Refugee Equation

Analytical solutions to refugee resettlement

June 1, 2016
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Andrew Trapp

As assistant professor of operations and industrial engineering for WPI’s Foisie School of Business, with a collaborative appointment in mathematical sciences, Andy Trapp obviously likes math. But not just math for the sake of playing with numbers.

“While it’s theoretical,” he says of mathematics on its own, “it has the powerful possibility of applying it to the real world to make a difference.” Trapp says he prefers math applications that can solve problems and help people instead.

ELEMENTS OF INTEGRATION

This pull toward math that is relevant and useful drove Trapp’s recent project: examining how refugees settle here in the U.S. For the past few years, he’s had a growing interest in finding analytical answers—especially to humanitarian problems—using optimization. And if technology is involved, it’s a huge bonus.

With the help of WPI operations and analytics management graduate student Amber (Zijiayan) Lin, over the past two years Trapp has been researching how the U.S. State Department and its partner agencies, including Lutheran Immigration and Refugee Service (LIRS), takes in, assesses, and ultimately helps settle refugees in the United States. Trapp partnered with LIRS, traveling to its Baltimore, Md., headquarters periodically.

By way of background, according to the American Immigration Council, the U.S. met its cap on refugees for 2015: 70,000. Over a third of those arrivals were from the Near East or South Asia (Iraq, Iran, Bhutan, and Afghanistan). Another third were from Africa, and the rest from East Asia (China, Vietnam, and Indonesia).

“The U.S. Department of State interviews refugees throughout the world, and there’s a small portion that are approved for resettlement,” says Trapp.

Trapp’s goal was to investigate how the refugee intake and settlement system works and to then use that information to develop a technological tool that can serve as a resource for groups that make these decisions.

He said the State Department must consider the background of every refugee case on factors such as how many people each case includes—whether it’s an individual or a family; the nationality, the ethnicity of those involved; medical conditions; and languages spoken, among other things. It’s also important for the State Department to know if refugees have other U.S. ties; other factors, such as skill sets, are also useful.

With more information, chances are better for a successful resettlement. For instance, Trapp says, there is an area of the North-Central U.S., where many refugees work in a meat-processing plant. “That’s just what’s worked” in terms of language barriers, culture and ethnicity, and settling refugees of the same heritage where they would already have a support network of people from their own country improving chances for success, he says.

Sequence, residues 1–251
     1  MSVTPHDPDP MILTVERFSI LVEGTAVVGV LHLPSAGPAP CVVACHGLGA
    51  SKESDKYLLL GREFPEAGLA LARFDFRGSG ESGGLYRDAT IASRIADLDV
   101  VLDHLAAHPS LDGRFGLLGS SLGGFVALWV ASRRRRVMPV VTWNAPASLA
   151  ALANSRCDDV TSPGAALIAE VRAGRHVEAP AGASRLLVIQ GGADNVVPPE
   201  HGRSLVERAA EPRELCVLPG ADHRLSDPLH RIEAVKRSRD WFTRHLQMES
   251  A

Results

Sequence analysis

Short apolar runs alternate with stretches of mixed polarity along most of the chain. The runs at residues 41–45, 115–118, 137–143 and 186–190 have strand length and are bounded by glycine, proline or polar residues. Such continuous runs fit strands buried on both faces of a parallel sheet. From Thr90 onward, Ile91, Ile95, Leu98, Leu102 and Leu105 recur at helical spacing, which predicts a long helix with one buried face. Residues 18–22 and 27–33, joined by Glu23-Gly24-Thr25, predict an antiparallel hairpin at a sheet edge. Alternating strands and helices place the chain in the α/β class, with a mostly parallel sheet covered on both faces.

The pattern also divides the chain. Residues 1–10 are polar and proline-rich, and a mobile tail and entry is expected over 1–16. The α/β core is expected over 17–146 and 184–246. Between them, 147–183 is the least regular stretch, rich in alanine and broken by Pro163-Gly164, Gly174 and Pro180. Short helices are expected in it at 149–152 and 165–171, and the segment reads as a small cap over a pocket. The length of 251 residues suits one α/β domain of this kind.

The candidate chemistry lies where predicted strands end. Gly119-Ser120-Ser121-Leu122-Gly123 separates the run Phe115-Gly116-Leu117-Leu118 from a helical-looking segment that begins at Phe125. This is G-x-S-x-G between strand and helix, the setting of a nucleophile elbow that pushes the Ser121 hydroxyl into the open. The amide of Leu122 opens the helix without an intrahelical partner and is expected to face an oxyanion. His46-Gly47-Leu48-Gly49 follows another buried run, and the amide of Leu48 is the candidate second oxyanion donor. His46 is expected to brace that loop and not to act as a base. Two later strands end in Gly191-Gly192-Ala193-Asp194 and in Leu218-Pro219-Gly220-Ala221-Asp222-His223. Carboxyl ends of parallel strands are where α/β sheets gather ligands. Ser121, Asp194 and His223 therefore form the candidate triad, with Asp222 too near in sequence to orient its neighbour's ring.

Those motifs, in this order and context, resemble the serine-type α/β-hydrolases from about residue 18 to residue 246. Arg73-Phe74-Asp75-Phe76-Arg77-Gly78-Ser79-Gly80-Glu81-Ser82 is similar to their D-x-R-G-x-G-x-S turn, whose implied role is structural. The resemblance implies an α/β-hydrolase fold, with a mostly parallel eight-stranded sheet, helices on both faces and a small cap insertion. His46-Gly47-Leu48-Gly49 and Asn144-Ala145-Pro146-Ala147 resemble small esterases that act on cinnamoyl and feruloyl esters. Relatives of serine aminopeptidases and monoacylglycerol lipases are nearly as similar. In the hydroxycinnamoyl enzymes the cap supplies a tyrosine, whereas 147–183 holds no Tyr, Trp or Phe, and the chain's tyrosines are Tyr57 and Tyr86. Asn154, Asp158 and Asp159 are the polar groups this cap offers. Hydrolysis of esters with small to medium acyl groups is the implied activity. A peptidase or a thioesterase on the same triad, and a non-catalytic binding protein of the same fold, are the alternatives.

MANY MOVING PARTS

What makes the refugee placement decisions more complex, says Trapp, is that the nine agencies partnering with the State Department work together in splitting up the pool of cases. Some can take refugees the other agencies cannot, and vice versa, due to funding limitations and other issues. Having sat in on one such session, Trapp says there are similarities to sports drafts.

“They place them in short-term housing and help them with paperwork and getting jobs,” says Trapp. Ultimately, refugees get less than a year of support and are required to pay back their airline ticket cost, he says. “A lot are really hard-working people. They had good lives in Iraq, for example, and need to start anew. But they are well educated.”

TECH AT WORK

Trapp is quick to point out that the software he developed for LIRS to assist in placing refugees—a spreadsheet with code where one can optimize placement—is merely a tool. But it’s a tool he’s designed on what the agency needs, rather than simply what he thinks it should do.

“It’s not meant to replace but rather to supplement (staff in decision making). They have people who have been there a long time. We are saying computers are specifically designed for this kind of technology to come up with recommendations,” he says. “But they don’t have that human wisdom … the combination of the two is particularly powerful.”

From here, Trapp expects that the LIRS will use, trust, and begin to see realistic outcomes from the software, which was delivered in April 2016, and has requested their feedback to further improve the system, potentially setting the stage for more in-depth discussions on the development.

“Big-data optimization is what I do,” he says. “The nonprofit sector seems to be particularly underserved in this regard. It’s great that I can help in this way.”

– BY SUSAN SHALHOUB

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